Population-level initiatives provide easier access to mental health treatment, Rakow explained. “There are far too many barriers to accessing high quality mental health care in our country,” Rakow said. “We will partner with hospitals, with school systems, with institutions of higher education, with businesses big and large, to provide integrated mental health solutions for their employees, for their pupils, for their staff, for their patients, to make the process of accessing mental health care that much easier.”
Rakow said that businesses are receptive to upstream mental health support for their employees, especially amid the Covid-19 pandemic, in part because they realize that decreased wellness can impact productivity and profits. He said that MindWell services for K-12 schools can focus on administrators, teachers, and staff as well as students and their parents.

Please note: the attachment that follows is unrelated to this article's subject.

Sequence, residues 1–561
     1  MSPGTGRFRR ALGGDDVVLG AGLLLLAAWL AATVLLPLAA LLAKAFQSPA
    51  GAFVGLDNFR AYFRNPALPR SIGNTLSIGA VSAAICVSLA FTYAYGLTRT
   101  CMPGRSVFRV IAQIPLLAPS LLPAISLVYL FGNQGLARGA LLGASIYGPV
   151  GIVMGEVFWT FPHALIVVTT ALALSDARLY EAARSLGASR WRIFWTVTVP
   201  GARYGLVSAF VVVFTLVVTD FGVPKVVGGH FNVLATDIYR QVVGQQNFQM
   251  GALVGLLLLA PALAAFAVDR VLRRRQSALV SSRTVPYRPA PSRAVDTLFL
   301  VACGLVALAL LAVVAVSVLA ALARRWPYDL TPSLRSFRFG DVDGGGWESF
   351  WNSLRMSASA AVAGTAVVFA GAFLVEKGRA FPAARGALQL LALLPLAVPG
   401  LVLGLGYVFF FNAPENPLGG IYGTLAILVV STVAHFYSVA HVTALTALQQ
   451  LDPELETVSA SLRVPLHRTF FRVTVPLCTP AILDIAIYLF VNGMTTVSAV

School-integrated support helps parents avoid what can be a difficult challenge in navigating mental health services for their children on their own, Rakow said. “If you are a mom or dad, and your child needs mental health care, you have to locate a provider, wait for that provider to have an opening, take time off to drive across town and take that child to that appointment, wait while the child is seen, and follow up with the clinician,” Rakow said. “That could take weeks or months to treat, in the best-case circumstances.”
MindWell’s model for higher education similarly supports faculty and staff members while seeking to relieve the increasing burden on student counseling services.